I first came across Wild Olive early in 2015, while getting a coffee at Jason Bakery, half a block from the Skinny laMinx store. This dramatic, black and white-painted building was a new sight in the neighbourhood, and I was intrigued.
And since having met the creative mind behind this neighborhood Apothecary (thanks to her neighbourly side-project, the Fine Living District), I’m even more intrigued. So am happy that Marioara de la Tara of Wild Olive African Artisans was willing to be quizzed by me, as this month’s featured Friend + Neighbour.
Hello Maria. Tell us about your journey and how you ended up doing what you do now?
Hello Heather! I arrived in South African in 2006, and by 2007 I knew I wanted to do something revolving around education, skill creation, and maybe also get involved in a commercial idea. I did not realise at the time of course how much I would have to learn and how hard such a challenge would be. However I love what I do, and get more and more energy doing it every day.
Who and what has inspired you along the way?
As a concept creator, I am totally inspired by Africa and its people. This fine blend between refined and raw, between exceptional and simple, between old ritual and modernity is appealing to me. African culture is exquisite, I hope people can learn to stop a bit and pay attention. By working with plant extracts and our mission is to promote our continent’s potential, I am also inspired by the richness of the Cape Flora. We have an entire perfumery line called Flora Capensis dedicated to, and created only from the Cape Fynbos, and various other species growing in the Cape.
Do you have a favourite product from Wild Olive? Tell us about your most popular product.
Is hard to denominate a favorite product. My products are like my children, I love them all. Our business started with soap and it grew on this solid foundation found between necessity and luxury. We wanted to offer something that is considered “basic”, but in an exceptional manner. We have now in total over 150 different products, but we still sell a few hundred bars of soap and candles every month, so I guess our customers love a good bar of soap and a good candle.
Some of the more popular products are Flora Capensis Parfum, Plantifolia Lignosa Body Butter, and any of the Thembela Liwani porcelain candles – his nickname is Mr. Micutzy, the Goldboy – everything he touches transforms into gold. His pieces are now in the homes of very special people from all over the globe. (Find out more about Thembela Liwani in this video)
How would you describe the vision for Wild Olive African Artisans? What does the future hold?
Wild Olive African Artisans’ vision and mission is to demonstrate what is possible on the African continent. Once we ascertained that we now have French or British based companies or even LVMH brands coming to us to have their perfume products made, we understood that we succeeded to at least prove that we are competitive as manufacturers as many others in the world. We worked very hard for this and it was extremely rough to demonstrate ability at that scale while also being as silent as possible at the same time. The silence was necessary in order to maintain our focus and strategy.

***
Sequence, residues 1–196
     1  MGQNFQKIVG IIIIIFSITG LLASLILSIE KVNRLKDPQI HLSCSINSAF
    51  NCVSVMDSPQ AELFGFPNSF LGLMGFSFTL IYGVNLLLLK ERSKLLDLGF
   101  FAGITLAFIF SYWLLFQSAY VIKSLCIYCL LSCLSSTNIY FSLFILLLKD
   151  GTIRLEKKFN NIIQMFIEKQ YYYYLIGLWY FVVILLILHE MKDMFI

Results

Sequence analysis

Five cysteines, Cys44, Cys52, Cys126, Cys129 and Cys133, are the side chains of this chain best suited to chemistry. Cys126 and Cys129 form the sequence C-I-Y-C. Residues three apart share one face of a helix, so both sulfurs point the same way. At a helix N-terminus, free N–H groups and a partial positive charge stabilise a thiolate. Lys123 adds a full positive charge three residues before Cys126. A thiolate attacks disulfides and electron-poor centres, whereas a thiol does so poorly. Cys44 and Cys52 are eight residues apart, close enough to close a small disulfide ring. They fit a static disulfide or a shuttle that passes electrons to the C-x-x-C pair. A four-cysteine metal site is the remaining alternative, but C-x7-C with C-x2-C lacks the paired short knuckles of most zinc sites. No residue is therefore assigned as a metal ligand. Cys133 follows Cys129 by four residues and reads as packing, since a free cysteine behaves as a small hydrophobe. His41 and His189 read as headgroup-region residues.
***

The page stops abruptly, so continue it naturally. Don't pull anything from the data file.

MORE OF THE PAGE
You have strong feelings about community and collaboration. Tell us more?
Our whole business is about community and collaboration. We are master African Artisans. We collaborate with those who have the same values and understanding for product development, and the effort, time and cost involved in order to achieve the exceptional.
We are grateful to have prominent individuals and businesses that chose us to develop their concepts for perfumery or apothecary lines. Through these collaborations with dermatological doctors, jewelers, private customers, fashion houses or artists and designers, we are allowing access to education and skill improvement to those who knock at our door and are keen to learn and grow themselves as masters in their fields. Collaboration and community building are essential for strong economic growth.
What are your thoughts about the neighborhood you’ve moved your business to?
I love Cape Town. I tried Woodstock as I thought that this is where all the creative people were, however our customers struggled to understand that diversity, and very seldom would agree to visit us there. So we moved to Bree Street – or just nearby, at 29 Pepper Street – close to very exciting other businesses, who have similar concepts or aspirations for their brands. We built ourselves a little home here, the Wild Olive African Artisan Apothecary and Artistic Perfumery House, and we are now able to manufacture every single element of our concept in house, from porcelain, to stitching, to cosmetic manufacturing, to our development and perfumery laboratory.
Watch the video below to get an idea of where we are situated, and all the work we do.
Any final comments?
We hope that because of its diversity, Bree Street can become a serious tourist attraction, where you can have a good meal, and good drink, and a little bit of shopping, while walking on the street, enjoying the sun and staring at Table Mountain.